10 Reasons to Test for Indoor Air Quality

We’re going to be buttoning up our homes and offices shortly as the winter season approaches, so now is a great time to talk about quality testing of indoor air.

We all face different health risks in our lives; some of which are unavoidable. Some risks we can avoid simply by making informed choices. One particular risk you can avoid is indoor air pollution — since you are able to do something about it.

According to the National Safety Council, on average we spend around 90 percent of our time inside with 65 percent of that time being in our homes. This can lead to asthma, allergies or worse.

There are various irritations and health risks that can be caused by poor indoor air quality. Some can show up immediately and could include headaches, throat, eye and nose irritation, fatigue and dizziness. These are typically short-term and treatable.

Other more serious risks, however, can be more long-term and life-threatening such as cancer and brain damage. This is why it’s important to test for indoor air quality.

Reasons for Indoor Air Quality Testing

The top 10 reasons you should have your indoor air quality tested include:

  1. Susceptibility. People who are young, elderly, or suffer with a chronic illness (particularly cardiovascular and respiratory disease) are more susceptible to getting ill from poor air quality.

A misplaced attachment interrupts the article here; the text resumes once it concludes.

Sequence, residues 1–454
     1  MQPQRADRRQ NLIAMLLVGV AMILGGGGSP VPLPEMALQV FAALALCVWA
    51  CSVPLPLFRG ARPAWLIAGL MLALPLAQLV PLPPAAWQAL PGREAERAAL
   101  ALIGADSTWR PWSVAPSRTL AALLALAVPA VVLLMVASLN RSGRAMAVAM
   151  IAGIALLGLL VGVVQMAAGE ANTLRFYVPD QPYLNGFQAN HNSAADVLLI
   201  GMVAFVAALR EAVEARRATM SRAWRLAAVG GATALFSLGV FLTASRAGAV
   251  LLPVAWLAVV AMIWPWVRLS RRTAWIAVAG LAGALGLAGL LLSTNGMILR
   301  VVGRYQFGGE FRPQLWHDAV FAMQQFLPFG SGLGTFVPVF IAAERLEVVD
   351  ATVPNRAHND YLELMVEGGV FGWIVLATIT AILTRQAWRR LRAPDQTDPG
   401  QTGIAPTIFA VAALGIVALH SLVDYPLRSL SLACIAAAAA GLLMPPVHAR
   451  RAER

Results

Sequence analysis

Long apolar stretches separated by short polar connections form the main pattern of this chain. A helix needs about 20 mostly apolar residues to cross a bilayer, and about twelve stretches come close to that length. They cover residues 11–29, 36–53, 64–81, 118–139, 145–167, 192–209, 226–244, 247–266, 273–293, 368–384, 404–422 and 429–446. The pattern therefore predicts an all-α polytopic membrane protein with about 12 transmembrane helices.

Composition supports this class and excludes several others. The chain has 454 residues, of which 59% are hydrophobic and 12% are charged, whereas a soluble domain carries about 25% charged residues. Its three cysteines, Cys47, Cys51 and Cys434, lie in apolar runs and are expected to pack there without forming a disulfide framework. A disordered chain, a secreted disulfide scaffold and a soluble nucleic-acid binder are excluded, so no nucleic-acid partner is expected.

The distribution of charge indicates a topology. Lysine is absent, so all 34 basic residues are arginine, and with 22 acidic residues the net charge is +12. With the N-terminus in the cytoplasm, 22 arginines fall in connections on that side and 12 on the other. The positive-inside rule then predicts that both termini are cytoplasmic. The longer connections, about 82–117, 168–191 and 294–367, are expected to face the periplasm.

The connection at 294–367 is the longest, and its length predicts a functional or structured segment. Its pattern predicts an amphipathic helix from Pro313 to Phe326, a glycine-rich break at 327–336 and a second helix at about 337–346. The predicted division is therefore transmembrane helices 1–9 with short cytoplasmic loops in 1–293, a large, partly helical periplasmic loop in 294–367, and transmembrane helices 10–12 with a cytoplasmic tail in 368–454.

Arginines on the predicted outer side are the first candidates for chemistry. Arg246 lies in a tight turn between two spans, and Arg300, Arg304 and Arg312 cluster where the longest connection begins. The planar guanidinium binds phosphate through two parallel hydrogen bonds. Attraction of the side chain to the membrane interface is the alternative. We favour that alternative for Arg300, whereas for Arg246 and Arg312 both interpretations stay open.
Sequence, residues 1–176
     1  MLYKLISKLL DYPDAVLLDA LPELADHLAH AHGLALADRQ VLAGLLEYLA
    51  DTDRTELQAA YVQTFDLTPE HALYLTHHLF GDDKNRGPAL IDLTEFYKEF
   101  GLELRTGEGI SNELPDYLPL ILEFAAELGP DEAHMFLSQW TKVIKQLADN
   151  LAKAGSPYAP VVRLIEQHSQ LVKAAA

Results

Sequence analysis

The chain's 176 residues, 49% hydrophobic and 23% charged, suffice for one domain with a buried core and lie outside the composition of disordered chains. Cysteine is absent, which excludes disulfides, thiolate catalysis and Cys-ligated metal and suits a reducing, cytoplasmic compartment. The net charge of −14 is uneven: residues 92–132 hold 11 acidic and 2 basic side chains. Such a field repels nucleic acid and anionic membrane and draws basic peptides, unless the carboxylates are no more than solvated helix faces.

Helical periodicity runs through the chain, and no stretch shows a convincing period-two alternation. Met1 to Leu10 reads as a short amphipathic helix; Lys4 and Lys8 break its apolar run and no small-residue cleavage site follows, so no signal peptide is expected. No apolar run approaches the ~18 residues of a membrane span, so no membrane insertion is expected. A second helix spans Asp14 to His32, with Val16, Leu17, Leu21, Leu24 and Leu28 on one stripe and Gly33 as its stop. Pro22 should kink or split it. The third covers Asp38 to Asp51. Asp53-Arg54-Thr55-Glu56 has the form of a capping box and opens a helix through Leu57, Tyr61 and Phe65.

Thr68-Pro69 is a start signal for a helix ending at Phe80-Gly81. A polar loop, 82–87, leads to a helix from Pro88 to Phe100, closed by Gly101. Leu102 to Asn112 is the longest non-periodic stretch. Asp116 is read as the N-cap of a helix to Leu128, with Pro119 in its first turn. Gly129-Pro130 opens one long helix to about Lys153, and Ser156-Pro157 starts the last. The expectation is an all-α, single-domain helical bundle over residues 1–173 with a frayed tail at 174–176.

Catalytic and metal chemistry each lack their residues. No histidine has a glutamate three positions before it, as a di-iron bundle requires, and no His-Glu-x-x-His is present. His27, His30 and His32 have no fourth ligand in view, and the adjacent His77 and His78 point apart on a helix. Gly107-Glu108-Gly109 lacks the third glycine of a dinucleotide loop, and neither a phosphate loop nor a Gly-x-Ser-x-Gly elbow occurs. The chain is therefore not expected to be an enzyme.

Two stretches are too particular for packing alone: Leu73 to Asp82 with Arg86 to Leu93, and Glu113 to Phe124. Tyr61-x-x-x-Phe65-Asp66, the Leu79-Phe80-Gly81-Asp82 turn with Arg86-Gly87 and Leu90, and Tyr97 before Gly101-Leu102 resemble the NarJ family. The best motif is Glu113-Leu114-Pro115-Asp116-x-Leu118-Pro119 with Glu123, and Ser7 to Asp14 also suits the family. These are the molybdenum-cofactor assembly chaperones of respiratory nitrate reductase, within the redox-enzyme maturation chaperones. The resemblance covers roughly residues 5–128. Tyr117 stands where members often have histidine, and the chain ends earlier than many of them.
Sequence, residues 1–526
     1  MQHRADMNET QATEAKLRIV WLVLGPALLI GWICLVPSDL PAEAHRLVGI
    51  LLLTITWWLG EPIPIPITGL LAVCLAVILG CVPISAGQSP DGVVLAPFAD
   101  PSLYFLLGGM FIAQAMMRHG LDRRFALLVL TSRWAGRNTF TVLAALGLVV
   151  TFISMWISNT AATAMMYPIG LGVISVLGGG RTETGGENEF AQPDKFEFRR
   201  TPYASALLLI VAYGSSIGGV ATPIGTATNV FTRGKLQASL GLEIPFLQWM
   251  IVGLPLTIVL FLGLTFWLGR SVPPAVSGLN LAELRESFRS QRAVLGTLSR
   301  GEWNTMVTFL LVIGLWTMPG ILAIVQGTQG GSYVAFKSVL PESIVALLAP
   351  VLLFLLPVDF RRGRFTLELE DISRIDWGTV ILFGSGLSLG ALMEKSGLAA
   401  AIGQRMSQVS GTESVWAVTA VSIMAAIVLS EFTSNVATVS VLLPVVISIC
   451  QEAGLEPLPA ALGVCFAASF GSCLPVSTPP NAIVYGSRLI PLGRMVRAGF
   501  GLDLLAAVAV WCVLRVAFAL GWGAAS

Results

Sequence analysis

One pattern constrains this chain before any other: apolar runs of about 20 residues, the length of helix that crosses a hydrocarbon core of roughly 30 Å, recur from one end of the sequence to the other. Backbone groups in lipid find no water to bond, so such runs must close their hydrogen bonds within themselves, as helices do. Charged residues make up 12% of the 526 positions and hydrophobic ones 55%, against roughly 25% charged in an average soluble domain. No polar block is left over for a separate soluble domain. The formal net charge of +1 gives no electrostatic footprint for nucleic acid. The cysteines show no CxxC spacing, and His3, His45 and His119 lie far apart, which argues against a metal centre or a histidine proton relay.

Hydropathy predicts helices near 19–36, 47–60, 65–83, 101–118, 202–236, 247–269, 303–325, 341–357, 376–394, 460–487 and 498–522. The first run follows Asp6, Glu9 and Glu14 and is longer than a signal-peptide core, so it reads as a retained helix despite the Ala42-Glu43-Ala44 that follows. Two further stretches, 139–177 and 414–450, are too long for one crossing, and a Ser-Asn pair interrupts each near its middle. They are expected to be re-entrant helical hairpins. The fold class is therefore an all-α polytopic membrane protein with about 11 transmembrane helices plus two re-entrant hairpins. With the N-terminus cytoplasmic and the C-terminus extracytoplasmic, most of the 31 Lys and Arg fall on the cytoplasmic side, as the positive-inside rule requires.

1. Combustion. Particles and gases due to combustion lead to indoor air pollution.
  1. Mold and mildew. Fungi is a well-known indoor air polluter. Effects on health can vary depending on personal sensitivity and mold type. Studies link mold exposure indoors with the development of asthma in children.
  1. Pesticides. These are toxic and can present symptoms that range from nausea and headaches to increased risk of long-term brain damage and cancer.
  1. Volatile organic compounds. Short-term health problems like nausea and headaches can be caused by some VOC vapors. More serious long-term risks such as cancer and brain damage can occur as well.
  1. Dust, droppings and dander. Asthma and allergic reactions are often triggered by these contaminants and get worse with prolonged exposure.
  2. Radon. This odorless and colorless gas in the second leading cause of lung cancer in the United States, killing approximately 20,000 Americans each year.
  1. Asbestos. Inhaling this contaminant can lead to mesothelioma, lung cancer and long-term lung scarring.
  1. Chemicals. You bring these in your home all the time. Things like polychlorinated biphenyl (PCB), dioxin and Polybrominated biphenyl (PBB) found in many interior elements and furniture as well as polyurethane found in mattresses can lead to health problems for us.
  1. Lack of Proper Ventilation. This contributes to the mold in our home and other microbial growth, particularly when it is damp outside (use of a whole house fan can help with this).

An intelligent preventative measure you can take is to get your indoor air quality tested. This can help determine if you have any indoor pollution, what type and how you can fix it. Costs for indoor air quality testing can vary, so it might be best to find a professional who can help you through the process. Test kits are available for indoor air quality testing and may be used to find common threats. However, it’s essential that you buy a test kit that is designed to test all possible contaminants.

Be sure your home has proper ventilation, and install a whole house fan if your home doesn’t have one already.